Hunting in NH: A Conservation Tool

By: Haley Lesmerises, Interpretive Ranger at Franconia Notch State Park

It’s that time of year! Well, almost. The leaves on one of the trees outside the Hiker Cabin at Franconia Notch State Park are just beginning to change. Fall is just around the corner, and as a New England local that gets me wicked pumped for cozy sweaters, hot mulled cider and watching the foliage transform over the coming months. 

View of the Franconia Notch State Park Hiker Cabin in late September.

But besides the apple picking and pumpkin patches, there are other activities that many enjoy during Fall here in New Hampshire. One of these activities is the hunting of wild game, mainly deer. Deer hunting is a popular and often traditional pastime for many families in the Northeast. Hunters will spend many hours or often days in the field to pursue their catch. Though hunting is an activity that’s purpose is often to put food on the table or enjoy the challenges and rewards of the sport, it actually is an important part of wildlife management. Hunting acts as a population management tool and is important for keeping our ecosystems balanced and healthy. 

an adult male white- tailed deer

So let me tell you a story. I love animals; I always have and from a young age I knew that I wanted to grow up to study and protect wildlife. My dad is a hunter and that always weirded me out as a kid. He had antlers around the house and I would never touch the venison he sometimes cooked. We used to joke, “Dad, how am i going to be able to protect these animals if you keep eating them?” So I grew up not being a huge fan of hunting. That all changed my first semester of college. I walked into my Wildlife Ecology class, a nervous freshman but eager to begin learning about conservation. One of the first lessons we discussed was about wildlife population management. To my surprise my professor began discussing the importance of hunting and how it helps keep some ecosystems in balance. I left that class with a completely different view on the subject (and I thought maybe I’d try some of the venison next time I visited my dad). So for this blog post I hope to explain the science I learned in that class and talk about how we humans can be a productive part of the ecosystem around us.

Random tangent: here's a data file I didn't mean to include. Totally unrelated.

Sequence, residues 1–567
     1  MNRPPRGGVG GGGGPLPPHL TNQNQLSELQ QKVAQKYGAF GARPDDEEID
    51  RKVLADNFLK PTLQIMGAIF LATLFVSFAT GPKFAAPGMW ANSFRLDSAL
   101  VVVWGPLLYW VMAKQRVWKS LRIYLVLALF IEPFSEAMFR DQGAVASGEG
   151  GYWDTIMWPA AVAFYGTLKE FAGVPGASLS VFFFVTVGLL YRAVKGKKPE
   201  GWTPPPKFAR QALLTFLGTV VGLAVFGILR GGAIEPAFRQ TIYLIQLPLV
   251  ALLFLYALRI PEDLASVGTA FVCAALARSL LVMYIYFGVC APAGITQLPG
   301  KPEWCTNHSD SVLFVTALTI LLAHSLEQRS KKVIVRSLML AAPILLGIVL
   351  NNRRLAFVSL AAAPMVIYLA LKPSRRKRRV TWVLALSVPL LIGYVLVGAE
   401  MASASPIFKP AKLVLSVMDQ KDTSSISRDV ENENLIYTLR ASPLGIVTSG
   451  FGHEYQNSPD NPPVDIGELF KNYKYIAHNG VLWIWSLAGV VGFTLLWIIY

classic food web model

So, a bit of science first. In an ecosystem there are different species that prey on or are preyed upon by other animals. Commonly called a food chain, there are plants (producers) at the bottom which are eaten by herbivores (also called first level consumers). The herbivores are eaten by the next level up the food chain, carnivores (or second level consumers) and so on. There can be several layers of consumers (i.e. wolf > moose > aspen.) but at the top there is what is known at the top predator/ carnivore/ consumer.  This top carnivore has a connection to not only the animals that it directly feeds on, but is also connected to what that species eats and so on. It has a sort of trickle down effect. What impacts the wolf can also impact the aspen. Top carnivores can also impact animals that they are even less connected to. As you can see from the diagram above, there is no direct line from the red fox to the beaver. However, red fox feed on snowshoe hare which feed on aspen. Beaver also feed on aspen. In this way, the fox can have an effect on the beaver indirectly. 

Trophic cascade model for wolves in Yellowstone National Park